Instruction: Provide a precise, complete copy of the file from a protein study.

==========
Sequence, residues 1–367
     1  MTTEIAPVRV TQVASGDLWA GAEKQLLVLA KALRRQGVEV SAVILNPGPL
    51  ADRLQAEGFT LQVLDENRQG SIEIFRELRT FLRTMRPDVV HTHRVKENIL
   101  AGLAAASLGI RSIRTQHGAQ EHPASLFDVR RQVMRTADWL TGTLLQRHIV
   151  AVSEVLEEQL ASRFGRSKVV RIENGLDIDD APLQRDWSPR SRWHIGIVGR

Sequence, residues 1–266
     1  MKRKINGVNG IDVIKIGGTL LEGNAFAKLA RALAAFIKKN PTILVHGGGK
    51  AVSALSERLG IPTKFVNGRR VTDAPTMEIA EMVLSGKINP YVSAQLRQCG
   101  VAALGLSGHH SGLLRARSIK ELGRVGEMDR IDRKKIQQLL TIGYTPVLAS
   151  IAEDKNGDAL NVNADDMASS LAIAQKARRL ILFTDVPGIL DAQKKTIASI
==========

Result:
Sequence, residues 1–367
     1  MTTEIAPVRV TQVASGDLWA GAEKQLLVLA KALRRQGVEV SAVILNPGPL
    51  ADRLQAEGFT LQVLDENRQG SIEIFRELRT FLRTMRPDVV HTHRVKENIL
   101  AGLAAASLGI RSIRTQHGAQ EHPASLFDVR RQVMRTADWL TGTLLQRHIV
   151  AVSEVLEEQL ASRFGRSKVV RIENGLDIDD APLQRDWSPR SRWHIGIVGR

Sequence, residues 1–266
     1  MKRKINGVNG IDVIKIGGTL LEGNAFAKLA RALAAFIKKN PTILVHGGGK
    51  AVSALSERLG IPTKFVNGRR VTDAPTMEIA EMVLSGKINP YVSAQLRQCG
   101  VAALGLSGHH SGLLRARSIK ELGRVGEMDR IDRKKIQQLL TIGYTPVLAS
   151  IAEDKNGDAL NVNADDMASS LAIAQKARRL ILFTDVPGIL DAQKKTIASI